What Your Blood Pressure Tells You About Your Heart Health

What does high blood pressure have to do with your health? Some experts argue, everything.

According to the CDC, the No. 1 cause of death is heart disease, and the No. 1 cause of heart disease and stroke is high blood pressure and high cholesterol.

“High blood pressure can cause many health problems in the long term,” said Caleb Lindstrom, DO, Family Medicine Resident at McLaren Greater Lansing Family Medicine. “The repeated and constant stress placed on your blood vessels puts you at increased risk of heart disease, stroke, kidney disease, and death.”

Your heart carries oxygen and nutrients throughout your body with every contraction of your heartbeat. The force of your blood traveling through your body in the blood vessels is your blood pressure.

Your blood pressure is measured by two numbers — the top number (systolic) and the bottom number (diastolic) — and those numbers should be less than 120/80. If your blood pressure is consistently higher than normal, you have high blood pressure.

“Many things can contribute to high blood pressure, including having a diet high in salt, low levels of physical activity, obesity, family history, stress, and anxiety,” said Dr. Lindstrom. “There is a genetic component to hypertension, so if you have family members with hypertension, you are predisposed to having high blood pressure.”

Other conditions that increase risk of high blood pressure include diabetes, kidney disease, sleep apnea, and some hormone abnormalities. Preeclampsia during pregnancy can also increase your risk for developing hypertension later in life.

Regularly monitoring your blood pressure is vital in your overall health. If you are diagnosed with high blood pressure, there are many options for high blood pressure management.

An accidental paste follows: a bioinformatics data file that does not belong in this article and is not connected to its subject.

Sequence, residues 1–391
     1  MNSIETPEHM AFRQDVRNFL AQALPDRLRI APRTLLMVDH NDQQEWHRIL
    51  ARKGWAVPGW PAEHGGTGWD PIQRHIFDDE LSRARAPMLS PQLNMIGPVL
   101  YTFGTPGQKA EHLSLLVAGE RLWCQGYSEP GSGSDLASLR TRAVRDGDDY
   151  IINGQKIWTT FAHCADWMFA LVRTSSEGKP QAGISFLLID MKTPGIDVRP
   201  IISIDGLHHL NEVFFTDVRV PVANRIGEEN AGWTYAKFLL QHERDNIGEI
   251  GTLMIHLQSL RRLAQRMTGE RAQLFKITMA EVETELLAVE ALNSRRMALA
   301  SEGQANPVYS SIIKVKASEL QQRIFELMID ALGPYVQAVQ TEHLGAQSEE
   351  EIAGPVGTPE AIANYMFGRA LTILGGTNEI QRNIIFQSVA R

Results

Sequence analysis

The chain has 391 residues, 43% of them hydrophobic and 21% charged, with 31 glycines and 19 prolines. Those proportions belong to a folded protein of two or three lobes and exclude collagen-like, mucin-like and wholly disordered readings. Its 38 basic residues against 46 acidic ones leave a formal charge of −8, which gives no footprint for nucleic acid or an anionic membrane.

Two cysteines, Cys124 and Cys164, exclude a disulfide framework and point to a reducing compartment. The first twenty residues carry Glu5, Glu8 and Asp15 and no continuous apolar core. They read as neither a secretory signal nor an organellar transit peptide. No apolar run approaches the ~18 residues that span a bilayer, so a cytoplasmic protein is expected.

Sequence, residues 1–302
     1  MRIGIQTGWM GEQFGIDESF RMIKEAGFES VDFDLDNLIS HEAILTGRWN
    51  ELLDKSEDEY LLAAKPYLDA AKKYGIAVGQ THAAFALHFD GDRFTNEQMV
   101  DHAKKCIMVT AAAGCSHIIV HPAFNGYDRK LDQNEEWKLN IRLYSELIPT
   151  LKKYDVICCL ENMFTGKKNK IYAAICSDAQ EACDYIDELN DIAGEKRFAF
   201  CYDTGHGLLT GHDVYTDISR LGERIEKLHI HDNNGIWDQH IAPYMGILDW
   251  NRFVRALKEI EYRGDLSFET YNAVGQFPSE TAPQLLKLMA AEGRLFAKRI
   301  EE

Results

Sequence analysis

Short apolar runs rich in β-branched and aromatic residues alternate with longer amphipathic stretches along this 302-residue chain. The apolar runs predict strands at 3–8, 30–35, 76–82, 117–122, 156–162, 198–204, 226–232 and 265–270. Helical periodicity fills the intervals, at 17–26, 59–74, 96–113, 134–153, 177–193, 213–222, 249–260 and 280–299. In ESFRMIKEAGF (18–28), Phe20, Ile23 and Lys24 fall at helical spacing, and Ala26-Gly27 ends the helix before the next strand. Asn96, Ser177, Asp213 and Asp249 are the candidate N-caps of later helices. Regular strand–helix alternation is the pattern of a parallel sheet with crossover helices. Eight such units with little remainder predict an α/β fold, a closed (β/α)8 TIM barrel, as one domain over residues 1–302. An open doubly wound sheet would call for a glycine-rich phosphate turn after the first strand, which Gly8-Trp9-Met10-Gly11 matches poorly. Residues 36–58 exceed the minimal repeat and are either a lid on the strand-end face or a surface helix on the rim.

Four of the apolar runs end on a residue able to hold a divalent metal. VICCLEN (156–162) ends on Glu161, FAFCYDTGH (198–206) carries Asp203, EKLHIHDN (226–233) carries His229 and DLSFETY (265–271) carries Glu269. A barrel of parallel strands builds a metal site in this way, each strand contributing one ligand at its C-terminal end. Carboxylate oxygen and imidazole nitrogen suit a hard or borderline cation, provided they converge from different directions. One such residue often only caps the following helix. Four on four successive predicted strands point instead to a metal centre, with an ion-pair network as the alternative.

“We encourage our patients to make lifestyle changes to help lower their blood pressure. These can include maintaining a diet low in sodium with plenty of fruits and vegetables, getting at least 30 minutes of exercise daily, quit smoking, and finding ways to lower stress levels such as meditation, spending time outdoors, yoga, or time with friends,” said Dr. Lindstrom. “There are also medications that can help manage high blood pressure if it’s not improving after making lifestyle changes.”

There are times when high blood pressure (or hypertensive crisis) could be an emergency. If you experience any of the following, you should seek medical care immediately:

  • Your systolic (top number) is greater than 180
  • Your diastolic (bottom number) is greater than 120
  • You’re experiencing vision changes, shortness of breath, chest pain, headache, or lightheadedness due to high blood pressure

As always, it’s important to see your primary care provider for your annual exams to make sure your blood pressure, cholesterol, and other measures of health are staying in the normal ranges.

If you have high blood pressure and would like to talk with a doctor about your options, please click here for a list of McLaren providers accepting new patients.

Click here to read more articles on health and wellness.